Anyways, reading today from Matthew 1. Just so you know, I almost always read out of the English Standard Version (ESV) I will sometimes change though if a reading isn't making alot of sense to me. Sometimes changing translations can bring a passage to life.
Anyways, back to Matthew.
The book of Matthew was written by...MATTHEW! Hard to figure that one eh? :)
This is what Theodoretus says
Matthew, also called Levi, apostle and aforetimes publican, composed a gospel of Christ at first published in Judea in Hebrew for the sake of those of the circumcision who believed, but this was afterwards translated into Greek though by what author is uncertain. The Hebrew itself has been preserved until the present day in the library at Caesarea which Pamphilus so diligently gathered. I have also had the opportunity of having the volume described to me by the Nazarenes of Beroea, a city of Syria, who use it. In this it is to be noted that wherever the Evangelist, whether on his own account or in the person of our Lord the Saviour quotes the testimony of the Old Testament he does not follow the authority of the translators of the Septuagint but the Hebrew. Wherefore these two forms exist "Out of Egypt have I called my son," and "for he shall be called a Nazarene."Now for the actual study of this first chapter.
In the first seventeen verses we read the genealogy of "Jesus Christ, the son of David, the son of Abraham." (v.1)
Abraham to Isaac to Jacob to Judah to Perez (by Tamar) to Hezron to Ram to Amminadab to Nashson to Salmon to Boaz(by Rahab) to Obed (by Ruth) to Jesse to David.
Then from King David to Solomon (by the wife of Uriah) to Rehoboam to Abijah to Asaph to Jehoshaphat to Joram to Uzziah to Jotham to Ahaz to Hezekiah to Manasseh to Amos to Josiah to Jechoniah.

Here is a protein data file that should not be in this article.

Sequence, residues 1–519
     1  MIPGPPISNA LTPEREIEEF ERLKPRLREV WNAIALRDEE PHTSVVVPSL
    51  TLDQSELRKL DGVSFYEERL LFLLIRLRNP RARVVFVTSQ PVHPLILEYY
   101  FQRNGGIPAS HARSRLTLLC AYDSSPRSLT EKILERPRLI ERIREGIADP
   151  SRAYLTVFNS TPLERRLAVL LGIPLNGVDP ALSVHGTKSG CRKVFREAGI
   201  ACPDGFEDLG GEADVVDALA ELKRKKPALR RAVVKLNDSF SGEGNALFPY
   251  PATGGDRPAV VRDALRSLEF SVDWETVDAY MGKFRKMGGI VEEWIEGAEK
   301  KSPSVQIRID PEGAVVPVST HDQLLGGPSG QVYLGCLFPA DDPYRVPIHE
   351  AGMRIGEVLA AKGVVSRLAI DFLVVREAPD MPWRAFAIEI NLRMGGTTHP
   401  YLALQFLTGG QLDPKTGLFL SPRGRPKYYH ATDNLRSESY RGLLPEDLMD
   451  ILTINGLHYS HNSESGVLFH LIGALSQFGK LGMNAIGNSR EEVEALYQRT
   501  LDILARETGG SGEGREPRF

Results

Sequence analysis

And then after the exile Jechoniah to Shealtiel to Zerubbabel to Abiud to Eliakim to Azor to Zadock to Achim to Eliud to Eleazar to Matthan to Jacob to Joseph.
And Joseph was the "husband of Mary, of whom Jesus was born, who is called Christ".
17So all the generations from Abraham to David were fourteen generations, and from David to the deportation to Babylon fourteen generations, and from the deportation to Babylon to the Christ fourteen generations.Four women are mentioned. Forty men are mentioned.
The women are not generally women of good repute.
The men are not all men of good repute, in fact, some we know not much about.
So the past of Jesus Christ the man is spotty. BUT he was born to devout parents. I know from later scripture that Jesus was circumcized as was the law, and they went to temple as the law ordained and so forth.
Joseph was a just man. He was not a man to willingly put a woman to shame.
He was also a man who took seriously words from the Lord. He changed his mind about divorcing Mary when the angel from God told him not to fear marrying her. He willingly took on the responsibility of raising the son of another...in this case God.
Mary was a lady chosen by God to bear his child. She was a woman who pondered things in her heart. She was seen with favour by God.
They were a couple who fulfilled the word of God.
This is the past of Jesus.
A bit spotty in parts, a bit devout in others. A man after God's own heart was part of his past. A woman of questionable morals was also part. But all were used of God.
So my past, your past, anyones past is NOT an excuse to not follow God. If God calls us, we must act upon it. We must accept all that we are when called upon by God, and that means accepting others too...even if you don't like how they do things, or how they dress, or what their past was.... if they have a true love for God and a hunger to know him and live for him.... we must needs accept them. It's part of loving the family of God.
I have a friend that I would LOVE to have come to know Christ, but I am also afraid of what might happen if she does...and then joins my church. Not for my sake...but for hers. She has a rough past, a edge about her that many who don't know Christ have, and I fear for what would happen or be said to her should she ever become one of Christ's own. How will those of us who have NEVER walked in her shoes react to her? We will support or will we... well... NOT?
Granted, God has not moved her heart in this direction yet.... but I keep praying and hoping... But also wondering...
How do we as a church, and/or as a people of God, meet the Rahab's and Uzziah's wives of this world when God calls them out of it?